The woman, a longtime resident, said she contacted T&V for a couple of reasons. First, she said, she wants parents to make sure their kids’ bikes have bells or horns, and she also wants to make sure parents whose kids are learning to ride bikes actually do supervise them.

“If I was an older person, or a more frail person, I could have died,” she said. “This is a busy community.”

New app allows users to track the homeless

App creator David Fox

App creator David Fox

By Sabina Mollot

In the streets surrounding the men’s shelter at Bellevue, neighbors in recent months have been snapping photos of homeless men when they spot anything that seems alarming, whether it’s public lewdness or aggressive behavior. The photos often get sent to local police and homeless officials and sometimes on the neighborhood Facebook page 33rd and Third (And Beyond).

Now, those residents should have any easier time chronicling their complaints, thanks to an app created by a Murray Hill data engineer and programmer. The free app allows users to post their photos onto a map, which then lets other users know, through pins, the locations where particular homeless people are camping out in real time. It also offers a variety of hashtags for users to choose from depending on the situation, such as #aggressivebegging or #needsmedicalattention. So far, midtown has been the most heavily tagged area.

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Thrift Shop Row is thriving

Customers continue to rely on rock-bottom prices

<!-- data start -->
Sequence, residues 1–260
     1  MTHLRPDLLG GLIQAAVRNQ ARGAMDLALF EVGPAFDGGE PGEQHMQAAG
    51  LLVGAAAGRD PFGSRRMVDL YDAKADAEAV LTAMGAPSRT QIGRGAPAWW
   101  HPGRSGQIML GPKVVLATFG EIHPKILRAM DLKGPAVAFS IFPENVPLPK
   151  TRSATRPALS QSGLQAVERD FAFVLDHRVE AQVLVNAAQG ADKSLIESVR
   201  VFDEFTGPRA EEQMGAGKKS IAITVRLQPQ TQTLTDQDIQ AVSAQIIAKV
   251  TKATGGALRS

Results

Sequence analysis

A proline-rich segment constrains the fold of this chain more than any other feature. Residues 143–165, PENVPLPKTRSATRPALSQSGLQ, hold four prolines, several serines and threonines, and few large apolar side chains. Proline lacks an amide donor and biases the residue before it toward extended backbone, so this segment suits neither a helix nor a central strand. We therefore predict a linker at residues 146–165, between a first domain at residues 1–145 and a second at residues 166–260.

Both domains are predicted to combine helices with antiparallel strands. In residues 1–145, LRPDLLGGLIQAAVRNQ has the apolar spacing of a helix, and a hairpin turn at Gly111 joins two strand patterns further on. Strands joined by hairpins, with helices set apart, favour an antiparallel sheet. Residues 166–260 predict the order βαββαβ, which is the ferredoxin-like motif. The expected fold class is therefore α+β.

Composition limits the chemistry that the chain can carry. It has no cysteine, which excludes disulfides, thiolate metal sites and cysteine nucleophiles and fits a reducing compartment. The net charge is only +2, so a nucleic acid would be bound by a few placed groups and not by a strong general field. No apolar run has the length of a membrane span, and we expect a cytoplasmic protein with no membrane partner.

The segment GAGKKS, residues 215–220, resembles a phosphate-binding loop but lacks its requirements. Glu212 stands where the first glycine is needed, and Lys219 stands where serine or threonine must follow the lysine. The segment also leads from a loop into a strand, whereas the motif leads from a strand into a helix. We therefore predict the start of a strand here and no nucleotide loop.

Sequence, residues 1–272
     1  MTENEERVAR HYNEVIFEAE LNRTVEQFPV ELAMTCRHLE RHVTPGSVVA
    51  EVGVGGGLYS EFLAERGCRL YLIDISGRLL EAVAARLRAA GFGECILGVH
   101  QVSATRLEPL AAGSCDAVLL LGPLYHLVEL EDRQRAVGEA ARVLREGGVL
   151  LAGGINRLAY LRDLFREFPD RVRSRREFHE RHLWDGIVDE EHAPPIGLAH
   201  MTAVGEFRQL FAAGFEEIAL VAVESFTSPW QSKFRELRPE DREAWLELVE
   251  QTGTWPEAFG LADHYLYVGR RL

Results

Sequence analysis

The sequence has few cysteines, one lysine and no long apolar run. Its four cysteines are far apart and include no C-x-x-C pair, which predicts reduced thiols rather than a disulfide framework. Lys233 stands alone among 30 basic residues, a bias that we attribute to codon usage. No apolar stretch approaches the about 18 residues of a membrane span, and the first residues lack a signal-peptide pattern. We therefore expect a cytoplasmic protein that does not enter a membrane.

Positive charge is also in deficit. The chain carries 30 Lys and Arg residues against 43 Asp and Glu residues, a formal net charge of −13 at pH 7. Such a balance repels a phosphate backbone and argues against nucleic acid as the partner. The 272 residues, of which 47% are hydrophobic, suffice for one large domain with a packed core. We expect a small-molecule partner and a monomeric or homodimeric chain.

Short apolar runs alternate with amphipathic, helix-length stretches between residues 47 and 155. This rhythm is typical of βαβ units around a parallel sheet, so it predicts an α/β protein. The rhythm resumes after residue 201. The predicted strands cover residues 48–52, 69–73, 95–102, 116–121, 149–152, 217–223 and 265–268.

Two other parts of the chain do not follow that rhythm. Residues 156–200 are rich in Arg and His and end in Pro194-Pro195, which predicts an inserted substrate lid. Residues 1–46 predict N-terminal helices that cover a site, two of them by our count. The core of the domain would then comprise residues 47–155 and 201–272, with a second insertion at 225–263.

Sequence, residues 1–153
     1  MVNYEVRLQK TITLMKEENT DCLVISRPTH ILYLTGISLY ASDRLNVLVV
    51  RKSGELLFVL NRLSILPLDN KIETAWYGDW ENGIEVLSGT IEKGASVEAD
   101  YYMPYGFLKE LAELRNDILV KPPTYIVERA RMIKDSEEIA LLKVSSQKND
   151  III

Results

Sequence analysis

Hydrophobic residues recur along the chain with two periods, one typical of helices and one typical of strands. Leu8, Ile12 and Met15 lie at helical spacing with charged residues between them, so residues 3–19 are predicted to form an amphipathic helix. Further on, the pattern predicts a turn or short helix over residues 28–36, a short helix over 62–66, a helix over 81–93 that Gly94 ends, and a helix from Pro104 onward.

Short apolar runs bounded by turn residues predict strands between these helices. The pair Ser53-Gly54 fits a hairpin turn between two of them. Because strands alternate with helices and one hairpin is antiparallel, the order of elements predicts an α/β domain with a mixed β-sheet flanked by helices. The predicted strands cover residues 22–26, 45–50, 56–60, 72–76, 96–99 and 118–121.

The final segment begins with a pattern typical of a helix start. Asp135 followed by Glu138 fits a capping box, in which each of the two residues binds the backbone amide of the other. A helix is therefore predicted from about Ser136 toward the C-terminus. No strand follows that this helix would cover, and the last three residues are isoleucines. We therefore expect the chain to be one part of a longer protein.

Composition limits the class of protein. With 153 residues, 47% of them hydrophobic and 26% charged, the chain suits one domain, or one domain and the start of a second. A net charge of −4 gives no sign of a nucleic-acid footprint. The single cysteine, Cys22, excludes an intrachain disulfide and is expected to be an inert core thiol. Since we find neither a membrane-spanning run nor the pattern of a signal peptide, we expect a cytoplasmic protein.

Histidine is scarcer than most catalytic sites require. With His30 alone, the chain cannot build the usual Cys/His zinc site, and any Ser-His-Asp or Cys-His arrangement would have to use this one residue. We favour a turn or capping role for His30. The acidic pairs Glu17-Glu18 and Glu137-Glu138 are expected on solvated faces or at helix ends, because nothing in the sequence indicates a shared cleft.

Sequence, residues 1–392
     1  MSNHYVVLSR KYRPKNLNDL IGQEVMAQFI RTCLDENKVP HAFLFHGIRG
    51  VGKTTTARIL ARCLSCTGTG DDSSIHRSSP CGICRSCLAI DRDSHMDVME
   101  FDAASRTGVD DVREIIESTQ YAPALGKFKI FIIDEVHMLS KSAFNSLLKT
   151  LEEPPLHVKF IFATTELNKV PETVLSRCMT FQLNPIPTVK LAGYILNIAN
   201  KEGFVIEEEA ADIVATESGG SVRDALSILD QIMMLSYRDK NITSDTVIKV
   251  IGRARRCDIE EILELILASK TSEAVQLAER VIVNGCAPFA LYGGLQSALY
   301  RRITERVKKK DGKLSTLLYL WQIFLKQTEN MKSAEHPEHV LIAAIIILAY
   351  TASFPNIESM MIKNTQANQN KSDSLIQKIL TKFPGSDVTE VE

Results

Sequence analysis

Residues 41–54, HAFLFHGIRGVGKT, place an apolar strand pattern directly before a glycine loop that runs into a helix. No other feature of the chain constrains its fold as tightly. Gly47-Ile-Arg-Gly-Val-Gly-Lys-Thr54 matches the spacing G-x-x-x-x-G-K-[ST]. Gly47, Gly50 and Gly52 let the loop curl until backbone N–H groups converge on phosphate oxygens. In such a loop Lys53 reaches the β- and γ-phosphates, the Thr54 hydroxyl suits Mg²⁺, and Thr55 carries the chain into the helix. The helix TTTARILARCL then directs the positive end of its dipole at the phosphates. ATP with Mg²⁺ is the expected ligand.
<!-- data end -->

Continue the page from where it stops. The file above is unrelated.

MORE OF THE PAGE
A selection of women’s clothes at the Salvation Army, one of the shops along East 23rd Street’s Thrift Shop Row (Photo by Sabina Mollot)

A selection of women’s clothes at the Salvation Army, one of the shops along East 23rd Street’s Thrift Shop Row (Photos by Sabina Mollot)

By Sabina Mollot

To some they’re places to dig for hidden treasures at a cheap price, while to others, unable to turn elsewhere for the things they need, they’re a lifeline. They’re also the foot soldiers of the nonprofit world, positioned at street level for anyone to breeze on in, and, depending on their needs that day, contribute by leaving the unwanted contents of their closets behind, or by spending a few bucks.

Local bargain hunters are especially fortunate, considering that a two-block stretch on East 23rd Street, between Second Avenue and Lexington, is home to half a dozen thrift shops. They are Cauz for Pawz, Goodwill, Salvation Army, Vintage Thrift, Housing Works and City Opera. At the beginning of the recession, in 2008, these shops were busier than ever, at the time reporting to Town & Village that they were doing well in sales as many more people came to rely on their rock bottom prices. However, they noted that donations had fallen, with many of those same people opting to hold onto the things they had.

Recently, T&V caught up with representatives from a few of the stores that make up Thrift Shop Row to ask how things were going these days, and everyone we spoke with said their organizations were faring well, thanks to a continued reliance on their low priced goods, but also generous people donating.